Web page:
Against a backdrop of picketers, Gov. Rick Snyder stood alone on the stage -for a single chair- at the Michigan Chronicle’s Pancakes and Politics breakfast at the Detroit Athletic Club on Thursday morning to address a receptive crowd of city and state officials, corporate leaders, entrepreneurs and educators. Snyder spoke frankly about a wide range of hotbed issues, with Detroit’s Emergency Manager and the Right To Work mandate being at the forefront. Real Times Media CEO and Michigan Chronicle publisher, Hiram Jackson noted that Thursday, March 28 marked the implementation of Michigan’s Right To Work law, and that he could not have foreseen that action when he began planning the event almost a year ago. “This can be a time of chaos and confusion, but I think of it as a time of clarity,” said Jackson.
Michigan is the 24th state to enact a Right to Work law.
The Pancakes and Politics forum is recognized as one of Detroit’s premier platforms for providing opportunities for government, public and private sectors to dialogue and candidly discuss challenges and solutions for the City of Detroit and its residents.
Moderated by CBS Channel 62’s Carol Cain, Michigan’s 48th governor opened with candor and franksness. “Typically we just hear about the negatives,” remarked Michigan’s 48th governor. “We shouldn’t avoid the negatives, we need to do better … but at the same time we should talk about the good things going on. The question is, ‘Are our common goals the same,’ ” continued Snyder.
When asked about his stance on unions and RTW, Gov. Snyder replied, “I prefer [the term] Freedom to Work. I respect the unions. But, time has evolved and the issue is has their role evolved enough for what we have today. It’s not an issue about being anti-union, it’s about being pro worker.”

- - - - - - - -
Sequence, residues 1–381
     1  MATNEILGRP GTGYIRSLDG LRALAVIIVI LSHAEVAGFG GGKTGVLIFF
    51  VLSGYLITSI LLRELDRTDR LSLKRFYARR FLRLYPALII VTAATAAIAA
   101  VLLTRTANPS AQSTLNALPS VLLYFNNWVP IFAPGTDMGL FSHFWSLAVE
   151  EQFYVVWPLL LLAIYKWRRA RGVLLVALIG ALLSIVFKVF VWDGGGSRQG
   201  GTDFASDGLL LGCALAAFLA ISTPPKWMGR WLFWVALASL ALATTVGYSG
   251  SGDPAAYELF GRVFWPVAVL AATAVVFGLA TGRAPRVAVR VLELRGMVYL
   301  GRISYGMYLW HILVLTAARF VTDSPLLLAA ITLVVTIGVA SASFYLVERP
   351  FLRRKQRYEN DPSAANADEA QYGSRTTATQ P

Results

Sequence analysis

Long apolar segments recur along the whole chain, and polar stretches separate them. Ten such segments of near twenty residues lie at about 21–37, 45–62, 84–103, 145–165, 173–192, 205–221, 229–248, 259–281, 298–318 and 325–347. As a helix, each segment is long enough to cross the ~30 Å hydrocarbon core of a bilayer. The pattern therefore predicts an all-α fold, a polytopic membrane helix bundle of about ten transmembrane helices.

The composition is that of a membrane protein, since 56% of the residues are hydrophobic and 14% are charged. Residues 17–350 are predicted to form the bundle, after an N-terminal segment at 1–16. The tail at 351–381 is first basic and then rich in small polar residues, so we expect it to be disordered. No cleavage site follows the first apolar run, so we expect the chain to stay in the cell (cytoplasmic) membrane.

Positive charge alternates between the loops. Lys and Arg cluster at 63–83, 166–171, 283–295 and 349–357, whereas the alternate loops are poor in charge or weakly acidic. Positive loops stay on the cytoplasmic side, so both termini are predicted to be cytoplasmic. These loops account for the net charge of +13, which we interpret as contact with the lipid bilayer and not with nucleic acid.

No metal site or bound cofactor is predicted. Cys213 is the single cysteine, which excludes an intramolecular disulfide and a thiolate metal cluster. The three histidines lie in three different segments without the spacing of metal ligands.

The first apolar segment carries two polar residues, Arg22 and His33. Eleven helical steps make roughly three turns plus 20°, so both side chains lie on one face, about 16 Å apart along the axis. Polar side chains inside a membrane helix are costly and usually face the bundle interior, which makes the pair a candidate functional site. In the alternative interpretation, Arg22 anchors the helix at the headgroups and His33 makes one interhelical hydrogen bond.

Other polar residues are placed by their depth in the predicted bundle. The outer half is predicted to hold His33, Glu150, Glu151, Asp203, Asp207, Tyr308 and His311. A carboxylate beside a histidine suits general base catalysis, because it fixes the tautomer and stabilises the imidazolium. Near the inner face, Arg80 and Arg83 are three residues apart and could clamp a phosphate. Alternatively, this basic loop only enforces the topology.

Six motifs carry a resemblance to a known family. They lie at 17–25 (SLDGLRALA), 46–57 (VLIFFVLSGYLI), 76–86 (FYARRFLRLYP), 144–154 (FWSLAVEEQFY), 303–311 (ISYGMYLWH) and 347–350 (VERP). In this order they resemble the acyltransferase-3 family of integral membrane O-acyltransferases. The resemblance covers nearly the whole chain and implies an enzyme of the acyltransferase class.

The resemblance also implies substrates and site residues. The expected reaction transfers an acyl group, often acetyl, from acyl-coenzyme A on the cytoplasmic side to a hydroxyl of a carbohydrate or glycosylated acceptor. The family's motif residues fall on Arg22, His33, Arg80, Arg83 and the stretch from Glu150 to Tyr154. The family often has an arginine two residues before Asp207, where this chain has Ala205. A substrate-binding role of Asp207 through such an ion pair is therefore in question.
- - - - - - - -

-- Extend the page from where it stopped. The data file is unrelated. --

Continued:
Gov. Snyder told Pancake and Politics participants that his office is already receiving positive feedback from companies around the nation who were previously opposed to moving operations to Michigan, but are now considering a presence in the state since the law’s enactment. “It would be a dumb business move for them to tell you that … but Michigan is more competitive [now].”
Snyder also informed the crowd of more than 300 that his administration was reversing labor trends by bringing jobs back to Michigan from Mexico.
“The [RTW] issue was on the table, it was divisive and it was not going to go away, so I had to make a decision. That’s what happened. It’s done and it’s over with,” said Snyder.
“I am for a positive, forward-looking, inclusive Michigan, instead of looking backward at the good old days and not looking forward to a bright future,” he concluded before the Politics and Pancakes open question discussion.
When Michigan Chronicle senior editor Bankole Thompson asked the governor to address Detroit’s Emergency Financial management, Snyder responded that several factors had to be considered.
“I am a supportive partner here. First there is the financial stability of the city … and do we have short term cash management working appropriately … and do we have the long term management in hand.
It is [to establish] the platform for longer terms of success, and to move forward post-EM,” said Snyder, remarking that significant improvement in city services, financial stability and a framework for long term management were the benchmarks of emergency managr success.